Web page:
The coronavirus disease (COVID-19) pandemic has posed unprecedented challenges for the field of psychiatry, subjecting the general public—and healthcare workers in particular—to elevated levels of stress and trauma while disrupting established modalities for therapeutic intervention. NYU Langone’s successful response offers lessons for other institutions in responding to this crisis, and to similarly complex emergencies that may arise in future.
A Multipronged Approach
At the peak of the pandemic in New York City, between March 1 and April 8, 2020, 11,544 people were tested for SARS-CoV-2 at NYU Langone; 5,566 patients received positive test results, and 2,780 patients were admitted to the hospital. This massive influx of patients required the redeployment of hundreds of physicians to the “COVID Army.” The risk of exposure also necessitated a sharp reduction in the face-to-face interactions that typically characterize mental healthcare.
Yet the need for such care was surging, both in the community at large and among frontline healthcare workers. Along with all the other pressures of the pandemic—from concerns over contagion to the impact of lockdowns—care providers on COVID-19 floors faced grueling shifts treating critically ill patients, many of whom died despite heroic efforts to save them. In such cases, informing family members added to the psychological burden.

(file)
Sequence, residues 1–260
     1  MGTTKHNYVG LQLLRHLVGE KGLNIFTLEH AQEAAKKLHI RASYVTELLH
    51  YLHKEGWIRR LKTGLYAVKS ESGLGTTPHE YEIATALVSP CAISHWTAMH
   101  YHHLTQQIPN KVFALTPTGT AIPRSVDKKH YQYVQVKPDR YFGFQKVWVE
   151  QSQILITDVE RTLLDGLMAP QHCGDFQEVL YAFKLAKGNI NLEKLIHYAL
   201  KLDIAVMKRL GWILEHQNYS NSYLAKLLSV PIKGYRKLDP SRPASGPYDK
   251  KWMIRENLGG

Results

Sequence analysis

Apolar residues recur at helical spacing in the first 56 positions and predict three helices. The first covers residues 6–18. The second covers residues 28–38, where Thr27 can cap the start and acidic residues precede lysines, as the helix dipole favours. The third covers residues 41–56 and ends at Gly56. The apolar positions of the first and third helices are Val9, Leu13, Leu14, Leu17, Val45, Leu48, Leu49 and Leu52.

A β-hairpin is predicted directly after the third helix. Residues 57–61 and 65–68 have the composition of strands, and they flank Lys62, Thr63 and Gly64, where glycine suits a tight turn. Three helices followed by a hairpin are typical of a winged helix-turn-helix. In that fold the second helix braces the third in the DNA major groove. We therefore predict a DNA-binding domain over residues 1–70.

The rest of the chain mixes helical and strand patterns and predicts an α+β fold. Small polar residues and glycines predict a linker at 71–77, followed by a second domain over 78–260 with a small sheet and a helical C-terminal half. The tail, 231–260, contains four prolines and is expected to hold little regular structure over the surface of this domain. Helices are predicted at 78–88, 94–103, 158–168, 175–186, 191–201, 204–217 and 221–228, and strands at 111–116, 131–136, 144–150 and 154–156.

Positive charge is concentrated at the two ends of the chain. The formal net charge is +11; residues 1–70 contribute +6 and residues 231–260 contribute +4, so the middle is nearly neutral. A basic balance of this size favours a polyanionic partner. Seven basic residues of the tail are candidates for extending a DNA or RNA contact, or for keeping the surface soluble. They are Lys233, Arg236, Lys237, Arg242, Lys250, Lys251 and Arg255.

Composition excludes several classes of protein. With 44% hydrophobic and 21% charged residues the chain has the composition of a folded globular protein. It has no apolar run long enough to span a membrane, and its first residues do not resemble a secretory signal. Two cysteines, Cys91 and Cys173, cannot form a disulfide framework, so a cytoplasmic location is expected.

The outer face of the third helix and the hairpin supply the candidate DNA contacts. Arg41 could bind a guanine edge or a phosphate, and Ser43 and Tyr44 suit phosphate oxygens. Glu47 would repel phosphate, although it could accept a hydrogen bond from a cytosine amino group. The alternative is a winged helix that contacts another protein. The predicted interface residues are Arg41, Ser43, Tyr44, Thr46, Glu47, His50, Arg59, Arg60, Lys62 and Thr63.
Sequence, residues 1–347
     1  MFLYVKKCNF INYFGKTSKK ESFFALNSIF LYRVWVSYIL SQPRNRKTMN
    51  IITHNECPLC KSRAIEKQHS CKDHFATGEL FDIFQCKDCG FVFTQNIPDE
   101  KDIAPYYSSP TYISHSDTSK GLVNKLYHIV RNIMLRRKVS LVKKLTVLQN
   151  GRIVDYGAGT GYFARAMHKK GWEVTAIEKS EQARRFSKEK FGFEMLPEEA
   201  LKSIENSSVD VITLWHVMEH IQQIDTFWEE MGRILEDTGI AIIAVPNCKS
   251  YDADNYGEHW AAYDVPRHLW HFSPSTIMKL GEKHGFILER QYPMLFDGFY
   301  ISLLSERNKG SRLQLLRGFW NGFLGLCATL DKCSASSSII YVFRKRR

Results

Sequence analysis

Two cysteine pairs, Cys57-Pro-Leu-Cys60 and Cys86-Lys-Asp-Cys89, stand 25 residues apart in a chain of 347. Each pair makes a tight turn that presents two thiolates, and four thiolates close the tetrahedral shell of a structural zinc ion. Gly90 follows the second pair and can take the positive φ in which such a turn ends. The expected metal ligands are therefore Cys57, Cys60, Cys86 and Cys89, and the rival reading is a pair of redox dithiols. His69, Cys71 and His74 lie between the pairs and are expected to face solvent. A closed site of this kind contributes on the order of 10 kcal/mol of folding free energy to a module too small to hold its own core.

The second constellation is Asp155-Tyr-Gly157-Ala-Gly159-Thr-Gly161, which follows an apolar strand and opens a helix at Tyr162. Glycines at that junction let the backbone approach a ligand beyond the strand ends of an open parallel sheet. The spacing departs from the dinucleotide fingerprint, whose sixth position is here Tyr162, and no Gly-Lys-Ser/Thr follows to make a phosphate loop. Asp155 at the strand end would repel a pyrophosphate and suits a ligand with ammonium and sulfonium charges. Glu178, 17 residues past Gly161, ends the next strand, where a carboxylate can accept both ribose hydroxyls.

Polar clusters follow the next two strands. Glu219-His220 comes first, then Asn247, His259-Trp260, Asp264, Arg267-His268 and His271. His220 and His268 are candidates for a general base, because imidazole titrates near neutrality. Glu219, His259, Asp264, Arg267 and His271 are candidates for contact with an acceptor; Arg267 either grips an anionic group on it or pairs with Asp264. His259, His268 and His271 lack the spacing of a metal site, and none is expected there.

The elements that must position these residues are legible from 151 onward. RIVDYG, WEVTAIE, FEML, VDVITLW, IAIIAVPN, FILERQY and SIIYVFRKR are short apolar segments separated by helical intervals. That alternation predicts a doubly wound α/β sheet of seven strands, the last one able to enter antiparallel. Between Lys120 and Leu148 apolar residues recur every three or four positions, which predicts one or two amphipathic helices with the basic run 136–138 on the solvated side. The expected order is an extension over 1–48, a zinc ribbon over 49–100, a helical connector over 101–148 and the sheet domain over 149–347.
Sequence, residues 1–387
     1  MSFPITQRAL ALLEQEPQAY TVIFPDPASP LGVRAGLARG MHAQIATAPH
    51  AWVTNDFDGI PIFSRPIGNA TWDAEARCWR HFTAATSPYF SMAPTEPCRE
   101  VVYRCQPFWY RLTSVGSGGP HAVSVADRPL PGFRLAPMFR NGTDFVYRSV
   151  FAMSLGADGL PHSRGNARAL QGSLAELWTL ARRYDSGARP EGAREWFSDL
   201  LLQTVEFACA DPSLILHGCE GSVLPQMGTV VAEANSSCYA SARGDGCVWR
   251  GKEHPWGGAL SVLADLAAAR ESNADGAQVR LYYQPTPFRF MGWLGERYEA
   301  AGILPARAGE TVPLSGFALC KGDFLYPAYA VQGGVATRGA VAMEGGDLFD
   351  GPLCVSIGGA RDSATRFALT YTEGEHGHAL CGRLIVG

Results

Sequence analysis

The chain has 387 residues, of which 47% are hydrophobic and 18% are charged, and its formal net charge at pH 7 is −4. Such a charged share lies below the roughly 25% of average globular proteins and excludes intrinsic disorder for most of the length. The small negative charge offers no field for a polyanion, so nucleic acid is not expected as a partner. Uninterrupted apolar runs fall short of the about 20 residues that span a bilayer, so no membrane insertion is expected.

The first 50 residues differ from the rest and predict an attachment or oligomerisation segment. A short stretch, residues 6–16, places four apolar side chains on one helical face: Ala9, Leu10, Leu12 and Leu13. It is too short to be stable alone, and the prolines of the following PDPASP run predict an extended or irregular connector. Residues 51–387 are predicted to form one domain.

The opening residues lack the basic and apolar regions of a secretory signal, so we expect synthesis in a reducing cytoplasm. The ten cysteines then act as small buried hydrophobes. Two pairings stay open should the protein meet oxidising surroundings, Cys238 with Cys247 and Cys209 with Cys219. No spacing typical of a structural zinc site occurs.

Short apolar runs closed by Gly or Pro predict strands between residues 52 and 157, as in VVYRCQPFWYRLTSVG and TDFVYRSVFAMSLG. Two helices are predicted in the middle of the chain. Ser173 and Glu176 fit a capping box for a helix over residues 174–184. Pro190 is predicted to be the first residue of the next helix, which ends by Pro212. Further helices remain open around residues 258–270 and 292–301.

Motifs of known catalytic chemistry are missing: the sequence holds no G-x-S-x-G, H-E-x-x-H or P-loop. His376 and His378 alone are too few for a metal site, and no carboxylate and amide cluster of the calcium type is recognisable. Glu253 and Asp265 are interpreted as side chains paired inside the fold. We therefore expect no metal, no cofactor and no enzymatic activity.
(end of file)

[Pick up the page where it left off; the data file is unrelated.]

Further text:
NYU Langone’s Department of Psychiatry, led by chair Charles R. Marmar, MD, the Lucius N. Littauer Professor of Psychiatry, developed a multipronged approach to these challenges, guided in part by the department’s previous experience with disasters such as Superstorm Sandy and the 9/11 attacks. In July, members of the department published a package of continuing medical education (CME) articles in the journal Psychiatric Annals, providing a preliminary road map for navigating this difficult terrain.
“Responding to a pandemic is a demanding task, and there are many opportunities for us to learn from each other,” observes Dr. Marmar. “We feel an obligation to share insights we’ve gained as one of the first major medical centers in the United States to weather the onslaught of COVID-19.”
Creating a Virtual Consultation–Liaison Psychiatry Service
The Psychiatric Annals articles highlighted four aspects of NYU Langone’s response. The first was the development of a virtual Consultation–Liaison (CL) Psychiatry Service for Tisch Hospital and NYU Langone Orthopedic Hospital. “The CL team aimed to provide the hospital system with comprehensive psychiatric consultation for all patients, regardless of isolation status, while preserving personal protective equipment and avoiding unnecessary exposure for team members,” explains Rachel A. Caravella, MD, interim director of the Consultation–Liaison Psychiatry Service and clinical associate professor of psychiatry.